According to email clients and anti-virus, an EXE disguised as a PDF is not suspicious?!

So seriously, why can't email clients like Outlook, as well as virus scanners, flag EXE files disguised as other things?

For instance, at work we got one the other day that was a fake Microsoft notification.

Subject: Important Changes to Microsoft Services Agreement

It basically asks you to open the attached file to see the details. The attached file is Microsoft-Services-Agreement.zip – inside that is “Microsoft Services Agreement.pdf.exe”

I scanned it with the virus scanner (with up-to-date definitions). It doesn't flag it as suspicious.

Not suspicious?! It's a frigging EXE disguised as a PDF. Windows users who have the default “Hide known extensions” on* will see it as a PDF. How is that not suspicious?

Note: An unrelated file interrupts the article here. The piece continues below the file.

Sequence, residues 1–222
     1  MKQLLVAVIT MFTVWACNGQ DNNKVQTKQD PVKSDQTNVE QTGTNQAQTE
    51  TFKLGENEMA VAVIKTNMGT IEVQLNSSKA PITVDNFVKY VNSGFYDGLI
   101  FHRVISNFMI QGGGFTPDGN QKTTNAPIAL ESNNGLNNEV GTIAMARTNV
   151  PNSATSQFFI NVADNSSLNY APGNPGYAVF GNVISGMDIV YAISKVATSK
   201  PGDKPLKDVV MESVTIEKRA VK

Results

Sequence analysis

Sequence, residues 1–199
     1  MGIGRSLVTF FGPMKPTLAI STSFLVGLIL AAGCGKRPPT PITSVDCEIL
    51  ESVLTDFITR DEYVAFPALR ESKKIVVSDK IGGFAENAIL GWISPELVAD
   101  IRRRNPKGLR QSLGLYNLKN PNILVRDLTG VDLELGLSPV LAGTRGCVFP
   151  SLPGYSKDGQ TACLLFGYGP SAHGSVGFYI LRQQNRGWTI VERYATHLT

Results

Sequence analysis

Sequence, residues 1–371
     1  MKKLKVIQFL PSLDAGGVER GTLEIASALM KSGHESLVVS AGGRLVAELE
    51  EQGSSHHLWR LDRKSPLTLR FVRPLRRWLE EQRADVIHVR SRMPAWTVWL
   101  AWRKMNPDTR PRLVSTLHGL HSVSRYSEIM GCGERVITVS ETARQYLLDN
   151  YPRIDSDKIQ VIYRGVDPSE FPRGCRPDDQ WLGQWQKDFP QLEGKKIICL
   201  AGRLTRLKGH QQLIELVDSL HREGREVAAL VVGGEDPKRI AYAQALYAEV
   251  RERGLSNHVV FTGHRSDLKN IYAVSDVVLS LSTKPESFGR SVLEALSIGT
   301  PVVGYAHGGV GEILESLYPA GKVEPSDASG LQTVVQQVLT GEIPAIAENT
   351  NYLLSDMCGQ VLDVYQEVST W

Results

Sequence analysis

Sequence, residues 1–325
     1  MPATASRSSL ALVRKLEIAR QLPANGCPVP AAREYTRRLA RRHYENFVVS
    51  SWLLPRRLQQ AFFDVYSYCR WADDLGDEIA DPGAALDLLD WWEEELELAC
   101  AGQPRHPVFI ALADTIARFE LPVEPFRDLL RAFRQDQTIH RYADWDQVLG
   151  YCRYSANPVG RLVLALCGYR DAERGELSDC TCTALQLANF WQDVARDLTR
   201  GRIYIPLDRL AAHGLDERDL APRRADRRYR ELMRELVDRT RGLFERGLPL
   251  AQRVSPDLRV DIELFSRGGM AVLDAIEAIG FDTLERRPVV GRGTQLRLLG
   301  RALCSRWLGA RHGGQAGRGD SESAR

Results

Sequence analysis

*That's a stupid default, too.

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One thought on “According to email clients and anti-virus, an EXE disguised as a PDF is not suspicious?!

  1. mike smith

    THe short answer is, they can, and some do. When I’ve legitimately wished to email an exe, it resisted multiple levels of obfuscation. I had a exe file, with exe renamed to _exe_ inside a zip renamed to _zip_ -it still complained I was emailing an exe file, and refused. It had to be using the magic number that represents a zip (50 4B) – then opening that, looking at the contents, and realising that it was a PE format file (executable). I think this was gmail.

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